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Need help amplifying Pulse Train to drive Pen Laser tia sal2

Discussion in 'Electronic Equipment' started by [email protected], Jul 23, 2006.

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  1. Guest

    Greetings All
    Need help amplifying Pulse Train to drive Pen Laser

    I would like to create a pulse train using my sound card and cooledit pro
    (creating square waves) but I don't think I have enough power to drive my
    ULN2003A Darlington Transistor Array
    (http://www.chipcatalog.com/TI/ULN2003A.htm) can anybody recommend a way
    to boost the voltage/current/power so I can drive my ULN2003A chip, I'm
    trying to make it very portable, is their a small chip that will allow me
    amplify my audio signal/pulse train?

    For those of you who are interested this is what I intend to do.
    1) Create various pulse trains by creating square waves in cool edit
    pro
    2) Saving audio file as wav or mp3 onto my iRiver iFP 799T mp3 player
    3) Using mp3 player with square wave audio pulse trains to drive my
    ULN2003A
    4) Have ULN2003a and 3V battery power/pulse a small pen laser less
    than 5mW

    I do have a bunch of 555/556 timers that could be made into voltage
    doublers http://www.reconnsworld.com/power_voltdoubler.html but my mp3
    player doesn't put out the required power to operate them.

    If anyone has any other recommendations or another way I should go about
    it I'm all ears.

    TIA
     
  2. Robert Baer

    Robert Baer Guest

    The output voltage is moer than enough; use a current limiting
    resistor from the output to the base of the darlington; 1K with 1V
    nominal output gives 1mA drive and that translates to way over an amp
    "saturated" (darlingtons *cannot* be saturated).
     
  3. Bob Masta

    Bob Masta Guest

    Perhaps you have already considered this in your plans, but all
    consumer audio devices that I have ever seen or heard of are
    AC coupled. So you will either need to keep the square wave
    frequencies high enough (at least in the low Hertz range) or
    you will need some sort of recovery circuit to convert switching
    spikes to flip-flop transitions. But sounds do-able, at least as
    WAV files.... I'd be really amazed if MP3s kept the waveform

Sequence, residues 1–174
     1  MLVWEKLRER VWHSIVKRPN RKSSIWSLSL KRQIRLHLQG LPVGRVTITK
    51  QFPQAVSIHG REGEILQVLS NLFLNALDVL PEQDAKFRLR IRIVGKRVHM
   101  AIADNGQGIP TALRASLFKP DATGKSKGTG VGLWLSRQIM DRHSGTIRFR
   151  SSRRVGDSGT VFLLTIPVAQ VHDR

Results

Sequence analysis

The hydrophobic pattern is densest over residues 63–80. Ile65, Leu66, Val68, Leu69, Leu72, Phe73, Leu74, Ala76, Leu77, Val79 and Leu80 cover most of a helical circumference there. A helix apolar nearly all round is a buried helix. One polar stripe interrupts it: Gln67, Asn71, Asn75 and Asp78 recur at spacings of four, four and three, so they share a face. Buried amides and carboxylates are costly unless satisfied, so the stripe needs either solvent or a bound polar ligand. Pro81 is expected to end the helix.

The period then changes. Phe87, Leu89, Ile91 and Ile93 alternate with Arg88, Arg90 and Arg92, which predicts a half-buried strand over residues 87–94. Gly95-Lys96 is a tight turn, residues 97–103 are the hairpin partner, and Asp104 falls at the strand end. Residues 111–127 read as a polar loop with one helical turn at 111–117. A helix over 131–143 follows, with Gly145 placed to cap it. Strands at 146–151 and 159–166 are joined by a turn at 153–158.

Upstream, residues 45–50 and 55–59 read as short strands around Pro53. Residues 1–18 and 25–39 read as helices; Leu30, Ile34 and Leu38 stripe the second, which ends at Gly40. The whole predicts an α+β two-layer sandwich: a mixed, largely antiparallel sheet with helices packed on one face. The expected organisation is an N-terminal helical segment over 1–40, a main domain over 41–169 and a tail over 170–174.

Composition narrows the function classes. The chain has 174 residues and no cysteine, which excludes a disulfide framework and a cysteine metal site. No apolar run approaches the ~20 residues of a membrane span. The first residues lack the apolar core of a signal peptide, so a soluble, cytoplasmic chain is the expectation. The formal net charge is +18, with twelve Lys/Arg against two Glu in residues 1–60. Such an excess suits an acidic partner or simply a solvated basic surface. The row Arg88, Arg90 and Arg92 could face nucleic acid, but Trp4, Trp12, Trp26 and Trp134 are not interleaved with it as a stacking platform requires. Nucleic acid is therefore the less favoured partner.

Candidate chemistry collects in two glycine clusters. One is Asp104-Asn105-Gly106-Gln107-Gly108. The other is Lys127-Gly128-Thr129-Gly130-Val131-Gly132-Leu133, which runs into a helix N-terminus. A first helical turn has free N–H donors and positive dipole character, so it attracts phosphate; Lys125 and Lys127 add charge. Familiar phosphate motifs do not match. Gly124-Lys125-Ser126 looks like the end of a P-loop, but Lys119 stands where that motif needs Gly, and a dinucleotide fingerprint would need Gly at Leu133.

intact, though might be OK with the spike-to-flip-flop circuit.

    You might want to take a look at my DaqGen freeware
    sound card signal generator for your initial experiments.
    It generates everything in real-time, not to a file, but has
    extensive options for creating all sorts of waveforms,
    including pulses of various duty cycles, PWM, etc. (There
    is an extensive Help system, but let me know if you need any
    additional help with this.) This might help you optimize
    waveforms since you can tweak things while everything
    is running on the test bench.

    [SHAMELESS PLUG]
    DaqGen is the signal generator portion of the upcoming
    Daqarta system (couple more months), which *will* allow
    you to save waveforms to files. That's just a side benefit;
    it's main purpose is to create test signals and analyze the
    responses to those signals from a device or system under
    test. Lots of scope, signal averager, spectrum analyzer,
    and spectrogram options.

    Best regards,


    Bob Masta
    dqatechATdaqartaDOTcom

    D A Q A R T A
    Data AcQuisition And Real-Time Analysis
    www.daqarta.com
    Home of DaqGen, the FREEWARE signal generator
     
  4. Daniel

    Daniel Guest

    Big Call!!! "darlingtons *cannot* be saturated" Stick 1mA in the base
    of first, small signal Amp Transistor could easily become 50-100mA into
    base of second Transistor of the Darlington Pair could be 2.5-10 Amps,
    which could easily saturate some Darlington Pair Amplifiers.

    Daniel
     
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